“Rae, do you think it is possible that while you had blacked out that you murdered Mr. Snow?” Doctor Patel questioned.
“How could I? I’m five foot six and one hundred thirty pounds. He was easily two hundred pounds, and well-built.” Rae stammered.
“Rae, there are some people who believe you to be the culprit behind several unsolved murders in Manhattan. Do you think that is possible?” Doctor Patel continued to push her patient.
“There is no way. How could people say such things?” Rae’s pulse was rising.
“Many of the unsolved murders in the city have a striking resemblance to some of the stories you’ve been writing. And in some cases where there have been witnesses their description of the suspect matches your profile. What do you have to say about that? Could you be Captain Rowland?” Doctor Patel asked to the now sweating patient. Before Rae was able to answer her eyes rolled back in her head then closed and she sat up straight on the bed where she had been relaxed.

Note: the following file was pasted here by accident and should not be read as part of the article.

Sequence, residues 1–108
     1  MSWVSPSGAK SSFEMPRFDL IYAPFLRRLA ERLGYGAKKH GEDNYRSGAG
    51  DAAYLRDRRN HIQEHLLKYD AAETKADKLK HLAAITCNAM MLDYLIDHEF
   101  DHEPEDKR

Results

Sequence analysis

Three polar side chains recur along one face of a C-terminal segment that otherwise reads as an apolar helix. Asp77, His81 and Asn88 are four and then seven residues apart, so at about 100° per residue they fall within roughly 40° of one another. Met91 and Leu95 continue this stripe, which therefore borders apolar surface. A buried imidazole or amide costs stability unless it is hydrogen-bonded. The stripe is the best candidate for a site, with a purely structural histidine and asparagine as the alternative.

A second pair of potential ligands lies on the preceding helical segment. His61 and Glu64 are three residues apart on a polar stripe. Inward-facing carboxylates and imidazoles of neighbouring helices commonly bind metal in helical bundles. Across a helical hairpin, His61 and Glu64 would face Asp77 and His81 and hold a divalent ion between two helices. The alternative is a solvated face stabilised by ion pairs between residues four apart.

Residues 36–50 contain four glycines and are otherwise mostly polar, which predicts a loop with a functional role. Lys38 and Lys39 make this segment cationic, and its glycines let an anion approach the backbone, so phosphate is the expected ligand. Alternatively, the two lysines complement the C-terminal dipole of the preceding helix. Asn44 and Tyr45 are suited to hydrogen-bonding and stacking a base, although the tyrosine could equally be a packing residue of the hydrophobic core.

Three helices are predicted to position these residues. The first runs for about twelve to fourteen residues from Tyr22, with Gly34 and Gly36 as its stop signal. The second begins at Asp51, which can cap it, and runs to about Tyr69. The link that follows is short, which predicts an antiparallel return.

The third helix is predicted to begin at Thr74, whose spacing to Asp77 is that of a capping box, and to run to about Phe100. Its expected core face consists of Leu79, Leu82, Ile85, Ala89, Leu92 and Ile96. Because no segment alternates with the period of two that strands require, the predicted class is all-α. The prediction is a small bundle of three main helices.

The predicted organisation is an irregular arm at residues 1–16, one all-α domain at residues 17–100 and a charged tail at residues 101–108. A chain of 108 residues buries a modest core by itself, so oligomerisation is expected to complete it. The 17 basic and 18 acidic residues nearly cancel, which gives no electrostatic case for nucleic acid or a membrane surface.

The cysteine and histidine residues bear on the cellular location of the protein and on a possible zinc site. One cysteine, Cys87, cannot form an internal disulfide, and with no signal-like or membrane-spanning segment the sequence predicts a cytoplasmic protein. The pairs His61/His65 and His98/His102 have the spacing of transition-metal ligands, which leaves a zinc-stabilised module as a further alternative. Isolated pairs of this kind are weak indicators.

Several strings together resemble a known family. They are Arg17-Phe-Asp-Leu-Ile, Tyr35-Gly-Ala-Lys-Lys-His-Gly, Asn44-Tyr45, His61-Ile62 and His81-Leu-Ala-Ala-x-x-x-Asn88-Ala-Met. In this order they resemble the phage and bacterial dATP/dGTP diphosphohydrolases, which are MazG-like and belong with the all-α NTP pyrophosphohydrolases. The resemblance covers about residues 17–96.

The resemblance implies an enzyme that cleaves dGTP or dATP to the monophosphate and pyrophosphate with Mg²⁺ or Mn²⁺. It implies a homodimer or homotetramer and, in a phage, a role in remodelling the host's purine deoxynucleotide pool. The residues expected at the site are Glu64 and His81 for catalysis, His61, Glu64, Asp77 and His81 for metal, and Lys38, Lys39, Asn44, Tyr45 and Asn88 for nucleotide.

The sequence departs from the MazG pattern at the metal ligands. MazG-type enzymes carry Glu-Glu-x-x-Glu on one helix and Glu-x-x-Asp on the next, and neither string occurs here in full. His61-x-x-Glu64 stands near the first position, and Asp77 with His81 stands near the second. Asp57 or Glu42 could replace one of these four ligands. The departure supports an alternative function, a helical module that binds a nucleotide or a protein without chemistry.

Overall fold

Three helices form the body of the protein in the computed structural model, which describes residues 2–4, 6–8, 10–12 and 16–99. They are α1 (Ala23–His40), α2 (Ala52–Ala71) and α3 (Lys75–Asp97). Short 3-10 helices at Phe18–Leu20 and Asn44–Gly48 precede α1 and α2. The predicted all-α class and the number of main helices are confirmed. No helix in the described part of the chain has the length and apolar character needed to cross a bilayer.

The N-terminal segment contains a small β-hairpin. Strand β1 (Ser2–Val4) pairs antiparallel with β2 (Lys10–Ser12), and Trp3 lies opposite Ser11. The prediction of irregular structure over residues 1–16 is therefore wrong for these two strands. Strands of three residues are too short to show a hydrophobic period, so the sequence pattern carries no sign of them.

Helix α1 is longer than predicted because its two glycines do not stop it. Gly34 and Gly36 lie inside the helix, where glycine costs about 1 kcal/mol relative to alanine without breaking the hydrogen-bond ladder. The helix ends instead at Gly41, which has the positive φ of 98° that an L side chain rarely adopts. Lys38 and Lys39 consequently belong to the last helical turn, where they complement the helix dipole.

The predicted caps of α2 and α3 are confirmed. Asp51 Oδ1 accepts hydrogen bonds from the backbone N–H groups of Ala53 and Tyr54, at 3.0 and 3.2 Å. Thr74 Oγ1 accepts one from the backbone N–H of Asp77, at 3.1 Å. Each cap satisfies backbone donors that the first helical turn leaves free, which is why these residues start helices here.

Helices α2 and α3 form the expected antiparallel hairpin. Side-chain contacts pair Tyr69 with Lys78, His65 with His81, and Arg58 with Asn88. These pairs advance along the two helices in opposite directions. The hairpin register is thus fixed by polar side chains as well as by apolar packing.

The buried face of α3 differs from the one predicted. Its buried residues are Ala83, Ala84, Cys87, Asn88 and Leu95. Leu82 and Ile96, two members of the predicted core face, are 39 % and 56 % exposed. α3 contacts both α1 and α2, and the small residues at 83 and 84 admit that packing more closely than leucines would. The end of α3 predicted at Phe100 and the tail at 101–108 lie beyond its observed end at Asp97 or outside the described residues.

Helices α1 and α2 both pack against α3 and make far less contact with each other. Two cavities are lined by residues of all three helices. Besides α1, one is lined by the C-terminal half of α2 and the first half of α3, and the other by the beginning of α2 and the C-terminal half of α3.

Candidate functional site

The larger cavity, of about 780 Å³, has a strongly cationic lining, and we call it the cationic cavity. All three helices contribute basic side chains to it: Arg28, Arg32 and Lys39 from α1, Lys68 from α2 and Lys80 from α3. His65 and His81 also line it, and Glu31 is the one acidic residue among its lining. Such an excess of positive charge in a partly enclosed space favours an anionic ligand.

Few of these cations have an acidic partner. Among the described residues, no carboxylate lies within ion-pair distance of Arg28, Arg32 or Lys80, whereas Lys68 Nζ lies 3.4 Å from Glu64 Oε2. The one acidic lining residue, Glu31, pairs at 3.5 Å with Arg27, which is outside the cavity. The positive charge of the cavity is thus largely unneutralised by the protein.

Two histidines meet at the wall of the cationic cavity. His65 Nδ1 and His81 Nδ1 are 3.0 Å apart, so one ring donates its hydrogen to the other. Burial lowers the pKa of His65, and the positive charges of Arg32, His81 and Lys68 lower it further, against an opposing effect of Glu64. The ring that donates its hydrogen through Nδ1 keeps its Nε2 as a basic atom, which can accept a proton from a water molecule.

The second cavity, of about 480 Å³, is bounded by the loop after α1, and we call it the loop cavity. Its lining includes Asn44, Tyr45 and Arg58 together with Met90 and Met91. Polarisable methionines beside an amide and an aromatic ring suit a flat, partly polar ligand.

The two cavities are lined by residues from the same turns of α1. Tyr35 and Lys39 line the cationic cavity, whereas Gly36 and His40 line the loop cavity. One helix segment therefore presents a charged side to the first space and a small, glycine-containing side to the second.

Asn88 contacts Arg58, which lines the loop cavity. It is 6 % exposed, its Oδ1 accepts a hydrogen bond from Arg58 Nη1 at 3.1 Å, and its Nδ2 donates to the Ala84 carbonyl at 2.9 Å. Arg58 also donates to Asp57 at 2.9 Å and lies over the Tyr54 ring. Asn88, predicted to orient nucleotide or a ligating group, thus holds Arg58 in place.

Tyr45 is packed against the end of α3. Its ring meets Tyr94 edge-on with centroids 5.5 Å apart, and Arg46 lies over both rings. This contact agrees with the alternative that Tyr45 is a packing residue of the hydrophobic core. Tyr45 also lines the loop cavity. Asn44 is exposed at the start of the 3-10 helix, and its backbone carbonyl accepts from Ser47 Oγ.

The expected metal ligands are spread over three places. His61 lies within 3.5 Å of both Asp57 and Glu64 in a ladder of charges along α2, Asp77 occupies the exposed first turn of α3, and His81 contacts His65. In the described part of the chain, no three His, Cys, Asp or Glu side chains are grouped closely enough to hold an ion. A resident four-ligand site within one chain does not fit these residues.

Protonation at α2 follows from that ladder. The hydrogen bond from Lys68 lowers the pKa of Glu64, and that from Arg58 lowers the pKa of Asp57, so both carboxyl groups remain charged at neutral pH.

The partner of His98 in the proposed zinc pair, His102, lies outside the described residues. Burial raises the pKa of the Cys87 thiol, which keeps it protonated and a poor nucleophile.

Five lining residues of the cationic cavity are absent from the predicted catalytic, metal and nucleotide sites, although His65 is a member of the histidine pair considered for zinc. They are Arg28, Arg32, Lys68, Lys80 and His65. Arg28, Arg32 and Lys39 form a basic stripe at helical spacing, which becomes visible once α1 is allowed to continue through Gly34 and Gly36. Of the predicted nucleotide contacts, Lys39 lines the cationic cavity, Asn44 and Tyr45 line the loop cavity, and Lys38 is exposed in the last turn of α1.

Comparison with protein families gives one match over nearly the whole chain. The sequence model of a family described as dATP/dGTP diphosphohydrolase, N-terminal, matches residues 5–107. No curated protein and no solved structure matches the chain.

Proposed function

“Where is Helena? It’s time I pay her a visit.” Rae spoke begrudgingly.
“Officers, I think we are speaking to Captain Rowland now. Ms. Windsor has slipped into her alternate identity.” Doctor Patel spoke to the men who had been sitting quietly in the corner of her office throughout Rae’s discourse. The two men rose from their chairs and placed handcuffs on the wrists of Ms. Windsor.